Take a trip through the streets of Lost Edinburgh

Lost Edinburgh by Liz Hanson is a beautifully illustrated and informative exploration of our capital’s lost landscape.

Like many British cities, the metropolis of Edinburgh has experienced multiple metamorphoses over the years. Although a walk down today’s Royal Mile may give the wanderer a tantalising taste of what existed before, in reality, many historic buildings have been lost due to fire, slum clearance, road building and previous insensitivity to the value of conservation.

From the remnants of the medieval old town to the more recent St James development on Princes Street, Liz Hanson ensures that no cobblestone is left unturned as she takes the reader on an insightful journey through the city’s well-known landmarks and previously undiscovered secret spaces.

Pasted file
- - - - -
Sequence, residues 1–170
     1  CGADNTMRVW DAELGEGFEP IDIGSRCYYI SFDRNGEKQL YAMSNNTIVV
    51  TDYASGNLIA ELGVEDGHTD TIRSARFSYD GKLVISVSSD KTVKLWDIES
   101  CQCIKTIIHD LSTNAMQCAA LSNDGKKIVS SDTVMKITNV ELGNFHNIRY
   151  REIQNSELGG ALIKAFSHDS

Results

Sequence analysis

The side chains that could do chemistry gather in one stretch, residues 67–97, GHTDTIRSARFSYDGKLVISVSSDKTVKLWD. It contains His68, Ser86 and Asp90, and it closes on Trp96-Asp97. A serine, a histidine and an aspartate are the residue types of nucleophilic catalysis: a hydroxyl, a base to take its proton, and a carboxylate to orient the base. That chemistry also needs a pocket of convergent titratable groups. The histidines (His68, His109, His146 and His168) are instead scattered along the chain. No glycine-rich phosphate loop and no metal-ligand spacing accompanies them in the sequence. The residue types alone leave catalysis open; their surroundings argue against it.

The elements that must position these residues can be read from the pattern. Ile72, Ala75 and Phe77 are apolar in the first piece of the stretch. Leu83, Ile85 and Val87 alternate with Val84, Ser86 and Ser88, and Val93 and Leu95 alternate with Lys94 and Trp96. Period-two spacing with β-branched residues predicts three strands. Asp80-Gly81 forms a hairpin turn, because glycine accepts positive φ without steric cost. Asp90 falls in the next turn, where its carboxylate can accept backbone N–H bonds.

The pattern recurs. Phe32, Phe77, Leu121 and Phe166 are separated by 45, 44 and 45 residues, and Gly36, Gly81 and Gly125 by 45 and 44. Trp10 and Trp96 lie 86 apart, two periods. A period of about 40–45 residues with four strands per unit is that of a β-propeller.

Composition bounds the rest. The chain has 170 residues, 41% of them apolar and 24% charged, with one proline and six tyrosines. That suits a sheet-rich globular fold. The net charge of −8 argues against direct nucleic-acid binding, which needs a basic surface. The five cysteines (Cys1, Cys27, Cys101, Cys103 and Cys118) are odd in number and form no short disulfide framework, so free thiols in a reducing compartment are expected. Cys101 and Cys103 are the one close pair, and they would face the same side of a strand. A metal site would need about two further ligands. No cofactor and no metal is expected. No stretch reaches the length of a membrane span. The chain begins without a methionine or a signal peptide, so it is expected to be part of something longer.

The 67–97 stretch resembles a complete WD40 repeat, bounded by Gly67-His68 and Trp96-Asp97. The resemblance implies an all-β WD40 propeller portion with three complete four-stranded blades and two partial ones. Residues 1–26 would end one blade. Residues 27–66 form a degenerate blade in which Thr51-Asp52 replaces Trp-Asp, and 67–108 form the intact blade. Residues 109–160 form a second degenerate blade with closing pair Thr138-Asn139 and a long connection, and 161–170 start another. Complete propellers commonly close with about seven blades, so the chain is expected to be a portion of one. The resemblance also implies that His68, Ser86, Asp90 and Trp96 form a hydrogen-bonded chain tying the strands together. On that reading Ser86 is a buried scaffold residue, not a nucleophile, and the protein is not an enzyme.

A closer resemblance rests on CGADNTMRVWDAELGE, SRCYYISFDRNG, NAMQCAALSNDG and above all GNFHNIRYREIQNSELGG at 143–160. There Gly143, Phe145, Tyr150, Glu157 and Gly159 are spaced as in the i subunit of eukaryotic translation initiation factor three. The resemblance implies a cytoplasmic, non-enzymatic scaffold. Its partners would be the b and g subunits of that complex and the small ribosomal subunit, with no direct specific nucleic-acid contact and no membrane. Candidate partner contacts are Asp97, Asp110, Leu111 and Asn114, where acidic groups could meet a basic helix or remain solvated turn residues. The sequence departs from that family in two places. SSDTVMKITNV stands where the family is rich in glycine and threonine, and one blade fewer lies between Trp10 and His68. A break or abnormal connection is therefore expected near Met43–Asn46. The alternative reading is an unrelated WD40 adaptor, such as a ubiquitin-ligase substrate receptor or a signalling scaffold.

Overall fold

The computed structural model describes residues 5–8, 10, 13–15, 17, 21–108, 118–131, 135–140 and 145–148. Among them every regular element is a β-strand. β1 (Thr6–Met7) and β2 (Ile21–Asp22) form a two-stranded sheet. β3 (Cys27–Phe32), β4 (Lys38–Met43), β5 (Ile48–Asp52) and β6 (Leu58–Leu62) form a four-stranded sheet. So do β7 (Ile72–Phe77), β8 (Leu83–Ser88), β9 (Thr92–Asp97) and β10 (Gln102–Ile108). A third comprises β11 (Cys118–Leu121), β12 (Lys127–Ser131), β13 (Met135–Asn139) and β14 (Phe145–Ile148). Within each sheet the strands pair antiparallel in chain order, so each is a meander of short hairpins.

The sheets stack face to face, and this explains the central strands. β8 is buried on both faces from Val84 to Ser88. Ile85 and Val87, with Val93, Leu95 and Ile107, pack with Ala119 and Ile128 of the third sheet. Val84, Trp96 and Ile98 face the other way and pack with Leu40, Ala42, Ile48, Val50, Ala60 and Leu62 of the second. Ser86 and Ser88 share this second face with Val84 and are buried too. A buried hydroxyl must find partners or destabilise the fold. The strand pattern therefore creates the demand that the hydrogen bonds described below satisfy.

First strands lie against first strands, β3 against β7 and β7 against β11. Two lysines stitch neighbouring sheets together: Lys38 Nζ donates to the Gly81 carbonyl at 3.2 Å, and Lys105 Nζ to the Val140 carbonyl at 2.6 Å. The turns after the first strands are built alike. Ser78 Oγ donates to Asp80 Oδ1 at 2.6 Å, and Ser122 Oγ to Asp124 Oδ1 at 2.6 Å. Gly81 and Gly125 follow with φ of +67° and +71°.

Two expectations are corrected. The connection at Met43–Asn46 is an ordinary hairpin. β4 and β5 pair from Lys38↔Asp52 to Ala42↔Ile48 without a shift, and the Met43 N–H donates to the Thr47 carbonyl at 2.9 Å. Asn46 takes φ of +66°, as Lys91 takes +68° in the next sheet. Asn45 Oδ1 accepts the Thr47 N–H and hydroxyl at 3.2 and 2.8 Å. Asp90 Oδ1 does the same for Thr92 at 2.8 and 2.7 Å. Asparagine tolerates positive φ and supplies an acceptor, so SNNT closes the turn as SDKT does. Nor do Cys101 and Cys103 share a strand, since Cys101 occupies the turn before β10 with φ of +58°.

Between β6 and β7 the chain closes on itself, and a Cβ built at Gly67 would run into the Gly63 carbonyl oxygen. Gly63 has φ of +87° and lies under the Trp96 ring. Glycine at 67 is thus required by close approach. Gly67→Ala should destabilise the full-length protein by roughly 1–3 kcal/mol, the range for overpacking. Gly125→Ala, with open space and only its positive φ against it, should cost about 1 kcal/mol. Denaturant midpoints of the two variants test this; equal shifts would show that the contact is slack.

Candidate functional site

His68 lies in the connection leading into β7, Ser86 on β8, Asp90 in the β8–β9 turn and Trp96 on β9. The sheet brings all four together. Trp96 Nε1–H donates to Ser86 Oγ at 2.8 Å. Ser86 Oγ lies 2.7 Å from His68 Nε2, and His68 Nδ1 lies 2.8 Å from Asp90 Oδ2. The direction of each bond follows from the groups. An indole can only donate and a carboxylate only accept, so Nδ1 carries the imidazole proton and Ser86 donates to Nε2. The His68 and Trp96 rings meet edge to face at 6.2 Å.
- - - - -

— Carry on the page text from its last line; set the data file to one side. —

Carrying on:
The historical detail of the book is offset by fascinating illustrations which allow the reader to envisage the world which once existed. Among various nuggets of historical information, we learn that the North Loch which was originally created by James II in 1450 to defend Edinburgh Castle was also at various stages a recreational ice-skating and boating lake, a decorative home for swans in the seventeenth century, and, more gruesomely, the site for drowning suspected “witches” during the witch trial era.

A handy guide for those looking for key history about Edinburgh’s architectural and civic past.

Lost Edinburgh, by Liz Hanson, published by Amberley, £14.99.

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